Passing Phrase -

Hikdiru Panav/Libo

Literally: His face/heart was darkened (with gloom)
Idiomatically: Saddened/gloomy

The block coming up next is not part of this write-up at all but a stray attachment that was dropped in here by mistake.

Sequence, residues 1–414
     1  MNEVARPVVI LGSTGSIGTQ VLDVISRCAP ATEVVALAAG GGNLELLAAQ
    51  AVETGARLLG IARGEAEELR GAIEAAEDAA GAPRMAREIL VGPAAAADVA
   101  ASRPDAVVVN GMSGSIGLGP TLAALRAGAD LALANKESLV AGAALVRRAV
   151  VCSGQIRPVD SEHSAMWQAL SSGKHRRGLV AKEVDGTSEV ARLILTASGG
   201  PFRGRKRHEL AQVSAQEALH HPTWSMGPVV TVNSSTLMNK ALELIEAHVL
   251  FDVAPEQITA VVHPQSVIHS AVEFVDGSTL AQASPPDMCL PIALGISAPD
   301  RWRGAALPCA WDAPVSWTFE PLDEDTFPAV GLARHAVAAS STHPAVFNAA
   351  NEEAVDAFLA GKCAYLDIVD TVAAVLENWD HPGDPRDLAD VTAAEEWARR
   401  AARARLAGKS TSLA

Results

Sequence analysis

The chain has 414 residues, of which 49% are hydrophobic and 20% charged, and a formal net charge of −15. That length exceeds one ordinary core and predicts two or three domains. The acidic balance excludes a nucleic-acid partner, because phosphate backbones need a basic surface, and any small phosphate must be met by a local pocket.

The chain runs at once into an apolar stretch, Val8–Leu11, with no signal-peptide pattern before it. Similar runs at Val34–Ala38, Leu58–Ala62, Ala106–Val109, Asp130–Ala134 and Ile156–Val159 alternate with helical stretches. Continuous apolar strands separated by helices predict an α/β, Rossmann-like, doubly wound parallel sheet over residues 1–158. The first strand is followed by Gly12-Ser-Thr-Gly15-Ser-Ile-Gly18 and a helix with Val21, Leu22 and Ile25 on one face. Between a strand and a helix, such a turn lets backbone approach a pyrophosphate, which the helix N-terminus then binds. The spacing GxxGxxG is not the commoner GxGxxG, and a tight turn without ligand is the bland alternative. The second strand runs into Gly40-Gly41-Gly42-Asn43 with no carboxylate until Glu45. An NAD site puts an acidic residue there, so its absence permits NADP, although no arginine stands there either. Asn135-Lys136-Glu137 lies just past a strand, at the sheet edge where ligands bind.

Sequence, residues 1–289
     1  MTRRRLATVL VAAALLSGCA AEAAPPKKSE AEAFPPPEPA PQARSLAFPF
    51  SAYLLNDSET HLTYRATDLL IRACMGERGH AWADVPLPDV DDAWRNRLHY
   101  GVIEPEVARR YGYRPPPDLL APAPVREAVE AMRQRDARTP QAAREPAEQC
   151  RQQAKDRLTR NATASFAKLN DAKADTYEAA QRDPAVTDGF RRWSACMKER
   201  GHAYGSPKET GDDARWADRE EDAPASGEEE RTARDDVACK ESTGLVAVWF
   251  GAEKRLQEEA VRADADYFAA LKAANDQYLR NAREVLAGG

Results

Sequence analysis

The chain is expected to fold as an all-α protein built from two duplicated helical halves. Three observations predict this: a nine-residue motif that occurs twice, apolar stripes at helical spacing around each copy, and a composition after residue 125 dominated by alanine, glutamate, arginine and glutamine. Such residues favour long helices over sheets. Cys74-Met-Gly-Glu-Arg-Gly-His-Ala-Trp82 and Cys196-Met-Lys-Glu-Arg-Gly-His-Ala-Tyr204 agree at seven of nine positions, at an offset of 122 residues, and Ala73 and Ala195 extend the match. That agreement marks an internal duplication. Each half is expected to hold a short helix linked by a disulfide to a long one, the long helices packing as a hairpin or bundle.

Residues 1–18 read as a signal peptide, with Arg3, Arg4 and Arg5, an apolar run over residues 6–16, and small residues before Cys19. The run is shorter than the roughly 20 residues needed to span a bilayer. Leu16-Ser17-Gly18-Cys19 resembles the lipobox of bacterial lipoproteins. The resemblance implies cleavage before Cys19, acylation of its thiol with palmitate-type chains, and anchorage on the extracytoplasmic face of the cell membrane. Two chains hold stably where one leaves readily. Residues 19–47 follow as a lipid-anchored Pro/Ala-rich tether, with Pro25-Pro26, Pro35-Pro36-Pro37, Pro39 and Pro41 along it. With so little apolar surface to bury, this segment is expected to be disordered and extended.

Whether you use the suffix "libo" (heart) or "panav" (face), the idea is the same. The phrase can be found in the Jerusalem Talmud (Shabbat 10:12). "Koder" means sadness or even anger and can be found in Jeremiah (8:21). In its plain meaning, darkened, you can find an astronomical bend as well (Joel 2:10). If it is a very heavily overcast day you could say "Kadru pnai hashamayim," which is almost poetic. "Kesheyatza mebeit hamishpat panav hane'esham haya koder" - When he left the courthouse, the accused was very gloomy.

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